Nina made four hats– one for granddaughter Eva, one for Clark, a special "9ah hat" for Sandy who was having a birthday, and a sunhat for herself. Rikki-tikkii also celebrated a birthday. May 10th was the fifth anniversary of his launch into the Sacramento River! Nina scrubbed the sail cover and polished windows in preparation. Sandy and Loren contributed a bottle of champagne to our meal of prawns, pickled oysters, and steamed mussels. Clark blew out five candles inserted into cashew/coconut nut balls. It was a perfect day.
The 22nd through the 28th brought some large tidal differences with one large ebb during the day. This means that the ebb currents through Malibu Rapids were delayed significantly due to the huge volume of water exiting the inlet. Most boaters depend on the Canadian Hydrographic Tables' corrections for the timing of the slack current at Malibu, which is taken off of the tide station at Point Atkinson. The corrected time is, we want to emphasize, an average of all the current slacks over time. Folks were not taking the tidal differences into account and many entered the rapids too early only to face unexpected strong currents and turbulence. Boaters came to the dock with horror stories. Two boats actually aborted halfway through and turned around! They were traumatized along with other boaters (not only small boats, mind you!) who made it through by the skin of their teeth, so to speak. Thankfully, there were no tragedies. We want to remind those who travel the distance to lovely Princess Louisa Inlet to pay attention to the tidal differences. In times of large tides, Malibu Rapids may be up to an hour-and-a-half late on the ebb. Take care.
There are no more BC Parks mooring buoys at MacDonald Island. The anchor chains had all rusted completely through and the buoys floated freely away from their stations. We learned that three large powerboats had tied to the last two that had stopped near shore on the north side of the inlet. A Nordhavn rafted to a second yacht shared one of these overnight. Yikes! Fortunately there were no strong inflow or outflow winds during their visit.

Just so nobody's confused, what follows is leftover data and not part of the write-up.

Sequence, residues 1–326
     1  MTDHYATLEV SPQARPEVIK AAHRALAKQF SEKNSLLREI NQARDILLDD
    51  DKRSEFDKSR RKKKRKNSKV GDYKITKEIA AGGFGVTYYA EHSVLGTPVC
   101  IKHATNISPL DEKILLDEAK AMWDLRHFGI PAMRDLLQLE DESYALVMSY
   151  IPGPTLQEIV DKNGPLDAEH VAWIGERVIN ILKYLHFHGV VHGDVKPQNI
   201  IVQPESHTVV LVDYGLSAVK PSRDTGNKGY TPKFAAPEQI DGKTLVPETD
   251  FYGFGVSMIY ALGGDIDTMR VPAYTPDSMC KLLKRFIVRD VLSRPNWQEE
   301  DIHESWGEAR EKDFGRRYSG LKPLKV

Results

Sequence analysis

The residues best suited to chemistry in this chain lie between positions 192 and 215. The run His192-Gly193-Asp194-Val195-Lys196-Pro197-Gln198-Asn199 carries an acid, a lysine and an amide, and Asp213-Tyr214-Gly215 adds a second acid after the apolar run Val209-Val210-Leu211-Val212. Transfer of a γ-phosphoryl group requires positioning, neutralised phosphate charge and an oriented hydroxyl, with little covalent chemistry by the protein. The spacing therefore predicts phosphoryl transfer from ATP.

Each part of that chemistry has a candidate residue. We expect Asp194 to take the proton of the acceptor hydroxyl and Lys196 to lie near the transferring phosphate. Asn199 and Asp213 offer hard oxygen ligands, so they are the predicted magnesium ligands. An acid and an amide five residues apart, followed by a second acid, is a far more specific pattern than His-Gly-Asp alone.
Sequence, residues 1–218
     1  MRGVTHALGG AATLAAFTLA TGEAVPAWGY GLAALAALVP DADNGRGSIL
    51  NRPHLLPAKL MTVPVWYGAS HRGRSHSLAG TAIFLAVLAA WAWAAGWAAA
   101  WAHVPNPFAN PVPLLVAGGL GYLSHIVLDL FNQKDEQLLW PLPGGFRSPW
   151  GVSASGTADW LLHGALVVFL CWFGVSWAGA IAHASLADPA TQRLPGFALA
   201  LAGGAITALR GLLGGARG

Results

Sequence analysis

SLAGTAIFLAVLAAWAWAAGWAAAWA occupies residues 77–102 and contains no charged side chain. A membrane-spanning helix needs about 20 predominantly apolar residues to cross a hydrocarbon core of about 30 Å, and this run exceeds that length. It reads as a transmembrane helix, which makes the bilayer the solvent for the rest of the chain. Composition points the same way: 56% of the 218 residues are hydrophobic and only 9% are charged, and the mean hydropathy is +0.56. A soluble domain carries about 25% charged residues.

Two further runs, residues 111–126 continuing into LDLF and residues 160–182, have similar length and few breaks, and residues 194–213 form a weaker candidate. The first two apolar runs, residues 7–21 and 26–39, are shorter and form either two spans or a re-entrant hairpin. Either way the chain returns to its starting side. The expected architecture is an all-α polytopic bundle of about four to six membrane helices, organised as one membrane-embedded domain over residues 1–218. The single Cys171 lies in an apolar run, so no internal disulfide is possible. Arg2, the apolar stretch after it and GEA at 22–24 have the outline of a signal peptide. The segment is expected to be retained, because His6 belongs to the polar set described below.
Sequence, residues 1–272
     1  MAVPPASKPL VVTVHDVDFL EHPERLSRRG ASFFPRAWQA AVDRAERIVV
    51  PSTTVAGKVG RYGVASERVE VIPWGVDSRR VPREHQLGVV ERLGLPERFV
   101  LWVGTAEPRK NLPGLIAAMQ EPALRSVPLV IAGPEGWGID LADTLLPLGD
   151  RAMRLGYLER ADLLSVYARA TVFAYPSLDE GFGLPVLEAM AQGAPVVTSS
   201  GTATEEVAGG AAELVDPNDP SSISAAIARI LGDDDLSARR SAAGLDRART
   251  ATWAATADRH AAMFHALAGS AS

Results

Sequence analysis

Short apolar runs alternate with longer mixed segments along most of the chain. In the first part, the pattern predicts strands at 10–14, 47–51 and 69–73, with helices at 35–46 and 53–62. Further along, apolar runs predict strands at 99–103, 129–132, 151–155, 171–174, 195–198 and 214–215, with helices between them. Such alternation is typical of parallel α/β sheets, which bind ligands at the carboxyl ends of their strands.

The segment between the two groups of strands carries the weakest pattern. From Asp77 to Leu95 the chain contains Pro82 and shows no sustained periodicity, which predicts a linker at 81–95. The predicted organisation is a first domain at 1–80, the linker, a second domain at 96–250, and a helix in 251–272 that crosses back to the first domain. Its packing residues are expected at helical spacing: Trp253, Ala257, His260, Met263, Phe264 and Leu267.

Rikki-tikki-tavi plans to make annual visits to Princess Louisa Inlet. Clark and Nina find it the perfect starting point for a season of cruising in British Columbia. Long live "The Princess"! Thank you, Mac. Photographs copyright 2009 Nina Courtney Wagaman and Clark Wagaman. All rights reserved.

Saturday, October 25, 2008

Tucked in for the Winter

We left Rikki-tikki-tavi safely moored at Roche Harbor, San Juan Island, for the winter. Headed south like Snowbirds, we stopped to spend time with friends in Mount Vernon, Washington. On our way through Oregon, we enjoyed a pleasant visit with family in Estacada. We all drove up to Timberline Lodge on Mount Hood and had lunch. With car-camping in Southern Utah on our minds, we then sped on home to Sacramento.